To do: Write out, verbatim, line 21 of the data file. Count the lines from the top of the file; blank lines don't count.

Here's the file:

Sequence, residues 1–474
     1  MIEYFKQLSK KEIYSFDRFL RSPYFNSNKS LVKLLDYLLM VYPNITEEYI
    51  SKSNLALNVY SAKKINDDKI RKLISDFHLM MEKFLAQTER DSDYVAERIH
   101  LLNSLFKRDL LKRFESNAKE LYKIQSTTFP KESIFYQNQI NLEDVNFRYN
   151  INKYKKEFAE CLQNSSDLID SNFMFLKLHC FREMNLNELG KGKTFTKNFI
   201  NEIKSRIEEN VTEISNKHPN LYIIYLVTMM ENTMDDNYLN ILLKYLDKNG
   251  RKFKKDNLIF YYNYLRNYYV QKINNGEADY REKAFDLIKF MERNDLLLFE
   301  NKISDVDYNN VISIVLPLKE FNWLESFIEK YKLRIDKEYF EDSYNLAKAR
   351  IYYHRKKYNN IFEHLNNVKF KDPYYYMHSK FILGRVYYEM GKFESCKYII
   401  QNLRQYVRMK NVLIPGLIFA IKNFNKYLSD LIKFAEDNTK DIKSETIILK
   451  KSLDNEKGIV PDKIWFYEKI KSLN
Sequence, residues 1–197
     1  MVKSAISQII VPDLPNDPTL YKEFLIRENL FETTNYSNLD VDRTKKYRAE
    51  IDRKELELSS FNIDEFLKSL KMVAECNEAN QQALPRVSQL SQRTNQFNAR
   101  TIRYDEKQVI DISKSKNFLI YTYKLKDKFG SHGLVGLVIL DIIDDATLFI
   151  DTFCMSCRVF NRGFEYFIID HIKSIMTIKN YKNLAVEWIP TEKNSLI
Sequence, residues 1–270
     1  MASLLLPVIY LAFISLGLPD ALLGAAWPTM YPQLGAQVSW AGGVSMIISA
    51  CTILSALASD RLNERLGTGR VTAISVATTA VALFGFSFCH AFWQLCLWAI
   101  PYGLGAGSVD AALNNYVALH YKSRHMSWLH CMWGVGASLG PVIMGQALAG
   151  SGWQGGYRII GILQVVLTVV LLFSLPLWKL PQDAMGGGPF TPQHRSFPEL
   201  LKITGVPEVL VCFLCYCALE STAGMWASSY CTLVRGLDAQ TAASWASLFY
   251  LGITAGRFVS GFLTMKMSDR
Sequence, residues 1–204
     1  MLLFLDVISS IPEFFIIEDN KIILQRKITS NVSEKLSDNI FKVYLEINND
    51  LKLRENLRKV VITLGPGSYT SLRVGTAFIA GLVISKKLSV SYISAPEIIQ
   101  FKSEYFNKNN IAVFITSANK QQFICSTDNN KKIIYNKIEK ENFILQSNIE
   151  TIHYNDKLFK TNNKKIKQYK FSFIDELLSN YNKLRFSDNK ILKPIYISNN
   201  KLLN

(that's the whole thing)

   151  SGWQGGYRII GILQVVLTVV LLFSLPLWKL PQDAMGGGPF TPQHRSFPEL